Tau and Tauopathies

Part of the Advances in Neurobiology book series (NEUROBIOL, volume 1)


Tau protein is a neuronal microtubule associated protein, which localizes primarily in the axon. It plays a major role in promoting microtubule assembly, stabilizing microtubules and maintaining the normal morphology of the neurons. Structurally tau is a heterogenous molecule due to several posttranslational modifications. Tauopathies are a group of disorders that are the consequence of abnormal tau phosphorylation, abnormal levels of tau, abnormal tau splicing, or mutations in the tau gene. These disorders are characterized not only by neuronal, but also oligodendroglial and astrocytic filamentous tau inclusions. Tauopathies are the commonest among the neurodegerative diseases with filamentous inclusions. Tauopathies include frontotemporal dementia, Parkinsonism plus syndromes, neuromuscular disorders, and certain genetic and metabolic syndromes. The occurrence of neurofibrillary tangles in a wide range of conditions, including Alzheimer’s disease, initially led to the suggestion that tau deposition may be an incidental nonspecific finding associated with cell death or cellular dysfunction. Later the discovery of close to 20 different mutations in tau in frontotemporal dementia with Parkinsonism linked to chromosome-17 (FTDP-17) clearly showed that dysfunction of tau protein causes neurodegeneration and dementia. Among the tauopathies, the most studied is Alzheimer’s disease. Frontotemporal dementia, progressive supranuclear palsy, and corticobasal ganglionic degeneration are some of the other common tauopathies that have been extensively studied. Overlap of clinical and histopathological features occurs between various tauopathies. The role of CSF tau in the diagnosis of dementias is under investigation. The measures of total tau as well as species of phospho-tau detected by antibodies in CSF correlates best with a diagnosis of AD. The discovery of a tau transgenic mouse model has paved the way for testing various therapeutic models for targeting tau.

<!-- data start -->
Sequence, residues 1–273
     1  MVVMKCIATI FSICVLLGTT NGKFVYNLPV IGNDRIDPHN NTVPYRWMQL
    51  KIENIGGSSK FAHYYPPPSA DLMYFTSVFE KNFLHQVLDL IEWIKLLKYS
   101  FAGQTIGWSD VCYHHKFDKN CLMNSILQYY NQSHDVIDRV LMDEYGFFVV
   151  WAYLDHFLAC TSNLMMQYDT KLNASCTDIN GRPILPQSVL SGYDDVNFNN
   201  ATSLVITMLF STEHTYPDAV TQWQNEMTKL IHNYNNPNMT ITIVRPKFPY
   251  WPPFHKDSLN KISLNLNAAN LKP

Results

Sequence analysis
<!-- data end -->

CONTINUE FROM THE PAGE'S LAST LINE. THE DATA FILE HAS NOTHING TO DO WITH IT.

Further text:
Tau Tauopathy Alzheimer’s disease Frontotemporal dementia Parkinsonism Exon Microtubule Structural Protein Phosphorylation 


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© Springer Science+Business Media, LLC 2011

Authors and Affiliations

  1. 1.Department of NeurologyMedical College HospitalThiruvananthapuramIndia
  2. 2.Department of BiochemistrySree Chitra Tirunal Institute for Medical Sciences and Technology (SCTIMST)ThiruvananthapuramIndia
  3. 3.Cognition and Behavioural Neurology Section (CBNC), Department of NeurologySree Chitra Tirunal Institute for Medical Sciences and Technology (SCTIMST)ThiruvananthapuramIndia

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